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MLB umpire Ed Hickox gets a $775K jury award as a result of a foul ball injury


In 2005, umpire Ed Hickox was hit by a foul ball behind home plate. It knocked his mask off as it hit him in the jaw and caused broken bones and a concussion. Hickox sued Wilson, the mask’s manufacturer.  Yesterday a jury returned a verdict in his favor to the tune of $775,000.

The key thing in Hickox’s favor, according to his lawyer, was that Wilson didn’t do any testing of the mask before distributing them — for free — to umpires.  Rather, they depended on those umpires using the masks as defacto field tests.  Hickox’s lawyer uses the phrase “human guinea pigs,” which I’m guessing was the theme of his case at trial too. Always gotta have a theme.

I’ve been thinking about injurious foul balls Since Luis Salazar got hit in the head last week.  Yesterday I spoke with someone who works in the game who is convinced that it’s only a matter of time before someone is killed by one. Probably a fan.  That’s another topic from this Hickox business of course — and I’ll be writing more about it soon — but all of this news combined with a week of walking on baseball fields close players as they hit and throw makes one realize that it’s damn dangerous down on that field.  We don’t think about this very often as we see little white balls fly around on TV as though they are weightless, but a baseball can do a lot of damage.

Gives you a new appreciation for the batters who stand in there, the pitchers who stand in the direct line of fire — often unable by virtue of their follow through to defend themselves — and the catchers and umps who are nicked, banged, and battered multiple times a game.

Mike Scioscia will return as Angels manager in 2016

ANAHEIM, CA - JULY 21:  Manager Mike Scioscia #14 of the Los Angeles Angels of Anaheim in the dugout during batting practice before a game against the Minnesota Twins at Angel Stadium of Anaheim on July 21, 2015 in Anaheim, California.  (Photo by Jonathan Moore/Getty Images)
Photo by Jonathan Moore/Getty Images

It was assumed already, but Mike Scioscia made it official during Monday’s press conference for new general manager Billy Eppler that he will return as Angels manager in 2016.

Scioscia, the longest-tenured manager in the majors, has been at the helm with the Angels since 2000. There was a clause in his contract which allowed him to opt out after the 2015 season, but he has decided to stay put. He still has three years and $15 million on his contract, which runs through 2018.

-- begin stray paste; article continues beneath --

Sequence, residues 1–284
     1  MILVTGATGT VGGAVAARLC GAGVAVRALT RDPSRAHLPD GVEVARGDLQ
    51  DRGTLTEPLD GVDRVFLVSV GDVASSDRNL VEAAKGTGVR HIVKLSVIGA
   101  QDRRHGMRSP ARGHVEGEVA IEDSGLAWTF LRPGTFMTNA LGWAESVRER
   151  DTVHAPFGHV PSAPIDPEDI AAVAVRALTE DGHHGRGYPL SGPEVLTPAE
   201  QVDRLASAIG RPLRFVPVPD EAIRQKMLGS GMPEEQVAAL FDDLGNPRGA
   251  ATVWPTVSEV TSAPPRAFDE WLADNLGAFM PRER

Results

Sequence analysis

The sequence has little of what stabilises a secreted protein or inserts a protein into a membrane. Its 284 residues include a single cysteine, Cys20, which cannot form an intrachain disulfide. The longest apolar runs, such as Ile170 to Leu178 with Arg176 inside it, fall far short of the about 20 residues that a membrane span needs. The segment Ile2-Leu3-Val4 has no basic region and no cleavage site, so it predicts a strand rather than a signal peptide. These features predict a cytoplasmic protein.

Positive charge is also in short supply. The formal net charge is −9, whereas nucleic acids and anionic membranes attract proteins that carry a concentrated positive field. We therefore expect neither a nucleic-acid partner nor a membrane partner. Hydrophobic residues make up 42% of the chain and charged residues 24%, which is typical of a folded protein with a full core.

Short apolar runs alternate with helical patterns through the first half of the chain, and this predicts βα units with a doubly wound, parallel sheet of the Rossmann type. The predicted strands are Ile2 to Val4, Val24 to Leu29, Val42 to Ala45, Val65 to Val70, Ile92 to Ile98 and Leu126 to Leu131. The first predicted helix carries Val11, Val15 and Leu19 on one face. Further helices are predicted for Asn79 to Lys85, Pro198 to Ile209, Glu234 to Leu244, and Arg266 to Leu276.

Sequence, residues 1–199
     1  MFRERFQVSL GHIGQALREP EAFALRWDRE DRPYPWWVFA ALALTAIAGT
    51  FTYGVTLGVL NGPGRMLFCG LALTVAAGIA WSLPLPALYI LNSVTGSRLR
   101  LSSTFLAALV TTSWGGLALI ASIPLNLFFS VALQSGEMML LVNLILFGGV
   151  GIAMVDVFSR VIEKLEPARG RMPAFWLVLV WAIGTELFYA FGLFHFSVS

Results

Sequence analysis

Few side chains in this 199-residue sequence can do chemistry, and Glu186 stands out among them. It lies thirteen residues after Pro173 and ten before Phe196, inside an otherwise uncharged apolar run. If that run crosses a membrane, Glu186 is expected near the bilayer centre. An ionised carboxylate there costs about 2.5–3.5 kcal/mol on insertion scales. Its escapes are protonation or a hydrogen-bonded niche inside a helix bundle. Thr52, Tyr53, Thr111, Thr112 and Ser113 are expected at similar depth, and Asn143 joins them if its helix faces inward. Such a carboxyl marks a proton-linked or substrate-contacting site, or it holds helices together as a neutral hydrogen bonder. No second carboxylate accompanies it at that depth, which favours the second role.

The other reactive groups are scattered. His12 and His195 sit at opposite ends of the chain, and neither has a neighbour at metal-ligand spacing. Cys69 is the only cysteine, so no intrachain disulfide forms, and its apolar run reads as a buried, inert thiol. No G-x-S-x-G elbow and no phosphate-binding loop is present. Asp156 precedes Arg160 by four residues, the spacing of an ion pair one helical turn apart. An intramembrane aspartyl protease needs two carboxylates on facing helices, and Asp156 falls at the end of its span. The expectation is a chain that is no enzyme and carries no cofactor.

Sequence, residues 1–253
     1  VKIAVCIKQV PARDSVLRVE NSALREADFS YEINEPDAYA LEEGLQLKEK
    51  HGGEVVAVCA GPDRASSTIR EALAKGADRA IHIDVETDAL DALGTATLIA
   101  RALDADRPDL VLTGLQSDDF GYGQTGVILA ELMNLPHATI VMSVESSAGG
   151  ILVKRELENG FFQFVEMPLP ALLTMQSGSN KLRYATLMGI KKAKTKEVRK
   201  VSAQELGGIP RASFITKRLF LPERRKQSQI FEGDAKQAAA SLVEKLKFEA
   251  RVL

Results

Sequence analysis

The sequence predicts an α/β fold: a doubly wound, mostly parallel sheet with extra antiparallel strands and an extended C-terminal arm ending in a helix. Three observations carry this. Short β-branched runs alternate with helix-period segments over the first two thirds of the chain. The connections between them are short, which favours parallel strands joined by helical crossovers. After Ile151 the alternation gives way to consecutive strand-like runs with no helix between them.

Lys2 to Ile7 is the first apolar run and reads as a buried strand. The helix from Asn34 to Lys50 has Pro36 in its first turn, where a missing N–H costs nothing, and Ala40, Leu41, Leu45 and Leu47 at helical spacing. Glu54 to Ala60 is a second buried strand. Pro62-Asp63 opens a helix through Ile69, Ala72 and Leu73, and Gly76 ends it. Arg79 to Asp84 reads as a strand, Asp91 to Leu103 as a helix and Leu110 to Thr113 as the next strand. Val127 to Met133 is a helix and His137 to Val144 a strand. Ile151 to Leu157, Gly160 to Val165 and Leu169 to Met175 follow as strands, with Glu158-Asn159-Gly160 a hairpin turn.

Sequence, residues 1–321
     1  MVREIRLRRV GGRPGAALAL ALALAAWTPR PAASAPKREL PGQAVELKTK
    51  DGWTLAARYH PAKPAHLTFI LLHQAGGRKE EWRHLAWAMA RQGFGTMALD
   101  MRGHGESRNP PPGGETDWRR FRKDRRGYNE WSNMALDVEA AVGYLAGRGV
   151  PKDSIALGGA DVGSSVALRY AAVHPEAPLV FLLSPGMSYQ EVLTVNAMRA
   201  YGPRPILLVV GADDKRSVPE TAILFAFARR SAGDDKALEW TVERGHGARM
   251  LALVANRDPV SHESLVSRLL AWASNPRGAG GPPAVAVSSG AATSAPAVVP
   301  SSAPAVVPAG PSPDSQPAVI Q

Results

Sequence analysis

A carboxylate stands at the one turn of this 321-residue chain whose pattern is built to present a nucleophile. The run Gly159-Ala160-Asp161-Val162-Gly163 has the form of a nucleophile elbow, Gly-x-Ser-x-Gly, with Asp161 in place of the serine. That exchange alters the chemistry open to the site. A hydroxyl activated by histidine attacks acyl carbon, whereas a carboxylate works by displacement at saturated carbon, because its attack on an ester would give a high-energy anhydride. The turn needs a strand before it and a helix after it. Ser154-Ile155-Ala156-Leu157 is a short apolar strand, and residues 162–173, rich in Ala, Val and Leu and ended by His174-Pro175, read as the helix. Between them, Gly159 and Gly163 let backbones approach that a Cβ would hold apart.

Jerry Dipoto resigned as Angels general manager in July amid tension with Scioscia, so there were naturally questions today about what to expect with first-time GM Eppler in the fold. According to David Adler of MLB.com, Scioscia isn’t concerned.

“I think we’re going to mesh very well,” Scioscia said. “If we adjust, or maybe he adjusts to some of the things, there’s going to be collaboration that’s going to make us better.”

Eppler is the fourth general manager during Scioscia’s tenure with the team.

After winning the AL West last season, the Angels finished 85-77 this season and narrowly missed the playoffs. The team hasn’t won a postseason game since 2009.

Carlos Gomez says he’ll be in lineup for Wild Card game vs. Yankees

Houston Astros' Carlos Gomez hoops after scoring a run against the Texas Rangers in the eighth inning of a baseball game Sunday, Sept. 27, 2015, in Houston. Gomez scored from third base on a Bobby Wilson passed ball. The Astros won 4-2. (AP Photo/Pat Sullivan)
AP Photo/Pat Sullivan

Astros center fielder Carlos Gomez sat out the final series of the regular season in order to rest a strained left intercostal muscle, but there was good news coming out of a workout today in advance of Tuesday’s Wild Card game vs. the Yankees.

This has been a lingering issue for Gomez, who missed 13 straight games with the injury last month. He aggravated the strain on a throw to home plate last Wednesday and was forced to sit while the Astros fought to keep their season alive. Astros manager A.J. Hinch told reporters last week that Gomez’s injury would typically take 45-50 days to recover from, so it’s fair to wonder how productive he can be during the postseason.

Gomez mostly struggled after coming over from the Brewers at the trade deadline, batting .242 with four home runs and a .670 OPS over 41 games.